I have a dirty secret. I love reading business books. There’s always a gem or two to pull out from the pages. Even from the unsexiest topic and from the most mediocre writers. But now and then a business book comes along that’s truly great. These books have messages that disrupt and alter your whole approach (sometimes not just within business). Here’s my Top 3:
Priestley explains ‘Prolific Beats Perfect’
I think I’ve bought at least 10 copies of Key Person of Influence, as I keep giving them away. The book is about how you can become a key person of influence within your industry. The assumption is that you’re a freelancer or business owner, but it’s still worth reading if you’re currently employed and thinking of becoming more entrepreneurial.
Priestley has several mantras that he repeats and expands on in the book, but my favourite is “Prolific Beats Perfect”.
I’ve never been a perfectionist. I’m always more interested in the start of a project – the idea generation, and initial development – than I am with the final tweaks. Final tweaks make me want to bang my head against a wall repeatedly. So you can imagine, I welcomed this message with open arms.
With blog-writing, as soon as I have an idea, I just start writing. I don’t map out the structure, or plan what I’m going to say, I just get straight to it. When I’m working on a game, the process is similar. It’s always about the shortcut to the first prototype. I work as if I’m under a strict deadline – I must have a playable game within a few hours of working on it.
I make a lot of games. Some of them are terrible! I really feel for the playtesters who are subjected to them. Some of them are fine. They work, but nobody’s going to get too excited about them. But a few of them are great.
With each game – whether great or terrible – I learn more about game design. Because my game-creation cycle is quite rapid, I’m learning quickly. If I spent three times as long on each game before I brought it to the table, it would be a different story.
Some of my abandoned games
The quicker I create the prototype and get it playtested, the quicker I can move on to the second version, or bin it altogether and work on something else. Rapid iteration and a tight playtesting schedule helps me get closer and closer to the finished game. Each new version of my games usually has a major change – a totally new mechanic, a new structure, a bunch of new powers or a change in components. When I make big changes I learn more than when I make small ones – and the overall process is quicker.
When I submit games to publishers, they are 95% complete. That last 5% is tedious. That’s the fine balancing, the specific wording, the edit of the cards etc. 95% is enough for a publisher to know whether they love the game or not. They may want to change it more significantly but this can be done in partnership, which is easier and more fun.
The other day I was listening to Spark & Fire, a podcast about creativity. The episode was an interview with Stephen Schwartz, the composer of Wicked. He was talking about how to get unstuck when you’re being creative.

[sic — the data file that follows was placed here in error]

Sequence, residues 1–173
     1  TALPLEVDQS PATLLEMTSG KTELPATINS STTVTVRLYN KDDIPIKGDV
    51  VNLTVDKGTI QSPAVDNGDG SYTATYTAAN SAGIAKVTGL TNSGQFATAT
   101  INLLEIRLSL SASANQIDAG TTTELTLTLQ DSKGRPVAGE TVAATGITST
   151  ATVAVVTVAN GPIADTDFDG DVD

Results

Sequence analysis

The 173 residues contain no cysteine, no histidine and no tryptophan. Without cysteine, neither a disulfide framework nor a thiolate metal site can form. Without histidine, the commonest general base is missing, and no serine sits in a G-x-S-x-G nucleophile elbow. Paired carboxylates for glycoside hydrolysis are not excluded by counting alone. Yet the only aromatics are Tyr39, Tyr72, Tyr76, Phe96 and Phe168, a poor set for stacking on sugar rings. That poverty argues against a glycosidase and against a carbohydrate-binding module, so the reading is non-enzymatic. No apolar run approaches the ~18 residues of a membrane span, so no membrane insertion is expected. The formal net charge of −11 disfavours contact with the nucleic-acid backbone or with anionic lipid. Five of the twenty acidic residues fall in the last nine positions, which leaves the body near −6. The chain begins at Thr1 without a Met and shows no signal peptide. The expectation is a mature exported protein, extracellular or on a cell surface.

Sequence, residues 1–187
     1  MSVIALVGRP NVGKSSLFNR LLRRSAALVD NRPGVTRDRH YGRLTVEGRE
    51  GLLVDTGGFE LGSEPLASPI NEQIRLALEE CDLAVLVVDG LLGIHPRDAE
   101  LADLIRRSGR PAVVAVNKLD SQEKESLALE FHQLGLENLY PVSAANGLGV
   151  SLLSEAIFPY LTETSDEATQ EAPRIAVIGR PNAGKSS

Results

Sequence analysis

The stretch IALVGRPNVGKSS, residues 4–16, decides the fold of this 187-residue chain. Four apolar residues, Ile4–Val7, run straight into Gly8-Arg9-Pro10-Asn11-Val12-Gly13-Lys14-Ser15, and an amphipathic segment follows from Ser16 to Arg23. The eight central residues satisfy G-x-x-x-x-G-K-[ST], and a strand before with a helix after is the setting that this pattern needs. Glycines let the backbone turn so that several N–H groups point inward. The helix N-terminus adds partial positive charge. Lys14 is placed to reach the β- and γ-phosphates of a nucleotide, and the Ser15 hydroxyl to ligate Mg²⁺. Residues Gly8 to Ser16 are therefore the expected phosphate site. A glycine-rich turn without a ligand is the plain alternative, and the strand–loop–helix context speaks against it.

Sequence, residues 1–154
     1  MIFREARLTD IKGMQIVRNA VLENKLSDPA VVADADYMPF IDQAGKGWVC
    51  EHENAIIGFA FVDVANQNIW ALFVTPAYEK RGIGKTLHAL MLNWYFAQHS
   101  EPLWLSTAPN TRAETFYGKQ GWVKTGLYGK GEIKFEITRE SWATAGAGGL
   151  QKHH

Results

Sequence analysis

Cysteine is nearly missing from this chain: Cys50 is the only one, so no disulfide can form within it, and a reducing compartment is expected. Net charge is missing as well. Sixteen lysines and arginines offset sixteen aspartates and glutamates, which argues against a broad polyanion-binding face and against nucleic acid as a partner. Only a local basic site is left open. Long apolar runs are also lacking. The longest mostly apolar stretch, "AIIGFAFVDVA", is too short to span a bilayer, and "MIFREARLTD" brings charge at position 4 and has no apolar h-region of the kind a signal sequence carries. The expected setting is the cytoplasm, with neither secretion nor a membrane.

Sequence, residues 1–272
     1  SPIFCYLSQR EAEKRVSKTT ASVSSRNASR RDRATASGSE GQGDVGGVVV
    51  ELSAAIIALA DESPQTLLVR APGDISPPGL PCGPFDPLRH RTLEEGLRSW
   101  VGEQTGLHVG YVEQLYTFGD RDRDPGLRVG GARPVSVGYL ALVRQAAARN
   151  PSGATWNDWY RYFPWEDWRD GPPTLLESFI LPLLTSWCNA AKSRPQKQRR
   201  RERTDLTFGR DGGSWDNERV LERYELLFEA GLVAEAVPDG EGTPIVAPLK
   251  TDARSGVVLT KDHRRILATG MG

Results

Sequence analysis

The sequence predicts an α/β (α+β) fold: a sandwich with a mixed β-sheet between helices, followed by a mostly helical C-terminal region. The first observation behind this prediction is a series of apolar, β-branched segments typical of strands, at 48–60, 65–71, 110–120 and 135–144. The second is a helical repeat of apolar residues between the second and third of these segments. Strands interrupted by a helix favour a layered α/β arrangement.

“All artists get stuck. But I have learned the secret to how to get unstuck. And it’s very simple. And I will tell you the story of how I came to learn this. I was working on one of the songs on Hunchback of Notre Dame for Disney, and I was having that sort of cliché experience of writing things out and then crumpling up the paper and throwing it on the floor. I just was getting nowhere. And I happened to have a conversation with a wonderful writer named John Bucchino. I was kind of whining to him about how stuck I was. And he simply said, “Oh, well, you’re just being the editor too soon.”
“And I realised that when we do any kind of creative work, we’re constantly switching invisible hats. Sometimes we are the writer, who is just putting stuff out there without judgement. And sometimes we are the editor, who is evaluating what’s out there and making choices. If the editor shows up too soon, then you’re stuck, then you have writer’s block, because you just judge everything prematurely.
“When to become the editor is an instinct. When you have enough raw material that you can begin to judge it, you can begin to assemble it, you can begin to make choices. But it’s so easy for that editor to show up too early. Put the editor back into his or her little cubby until it’s time for him or her to show up.”
This notion of silencing your inner editor is a wonderful tool in the quest to become prolific, not perfect. It’s actually quite a liberating experience when you do this consciously. As I’m writing now, I’m spurting out my internal monologue without much thought. I can see the words starting to cover the page, which makes me feel like I’m progressing. Often the first draft or the first prototype is the hardest. So why make it harder by editing at the same time? Just get it done.
It’s easy to become paralysed by your internal editor because whatever it is that you’re creating. You know that you can do better. However, when you aim for perfection at every stage, you spend too much time on the small details and not enough time on the big picture. Your volume of work is what drives you forwards. A content creator with a thousand unedited videos online is more likely to get noticed than a creator with just ten perfectly edited studio-quality ones.
So if you want to learn faster and improve quicker, remember… prolific beats perfect.
A quick initial prototype